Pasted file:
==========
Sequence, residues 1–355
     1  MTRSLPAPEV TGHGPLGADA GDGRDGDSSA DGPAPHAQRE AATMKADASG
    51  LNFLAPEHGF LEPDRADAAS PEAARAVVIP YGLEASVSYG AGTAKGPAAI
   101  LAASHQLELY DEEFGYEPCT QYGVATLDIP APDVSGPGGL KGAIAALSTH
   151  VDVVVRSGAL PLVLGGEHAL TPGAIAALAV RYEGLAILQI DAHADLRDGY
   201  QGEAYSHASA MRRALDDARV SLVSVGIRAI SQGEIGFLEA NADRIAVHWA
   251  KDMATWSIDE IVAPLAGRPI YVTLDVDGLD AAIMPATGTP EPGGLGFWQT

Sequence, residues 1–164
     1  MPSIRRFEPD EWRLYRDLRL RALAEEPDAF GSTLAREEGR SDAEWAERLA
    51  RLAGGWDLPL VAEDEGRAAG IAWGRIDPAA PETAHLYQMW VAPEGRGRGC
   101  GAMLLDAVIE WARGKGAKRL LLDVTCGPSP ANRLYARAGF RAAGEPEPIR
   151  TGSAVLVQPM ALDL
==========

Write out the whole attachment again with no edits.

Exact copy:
Sequence, residues 1–355
     1  MTRSLPAPEV TGHGPLGADA GDGRDGDSSA DGPAPHAQRE AATMKADASG
    51  LNFLAPEHGF LEPDRADAAS PEAARAVVIP YGLEASVSYG AGTAKGPAAI
   101  LAASHQLELY DEEFGYEPCT QYGVATLDIP APDVSGPGGL KGAIAALSTH
   151  VDVVVRSGAL PLVLGGEHAL TPGAIAALAV RYEGLAILQI DAHADLRDGY
   201  QGEAYSHASA MRRALDDARV SLVSVGIRAI SQGEIGFLEA NADRIAVHWA
   251  KDMATWSIDE IVAPLAGRPI YVTLDVDGLD AAIMPATGTP EPGGLGFWQT

Sequence, residues 1–164
     1  MPSIRRFEPD EWRLYRDLRL RALAEEPDAF GSTLAREEGR SDAEWAERLA
    51  RLAGGWDLPL VAEDEGRAAG IAWGRIDPAA PETAHLYQMW VAPEGRGRGC
   101  GAMLLDAVIE WARGKGAKRL LLDVTCGPSP ANRLYARAGF RAAGEPEPIR
   151  TGSAVLVQPM ALDL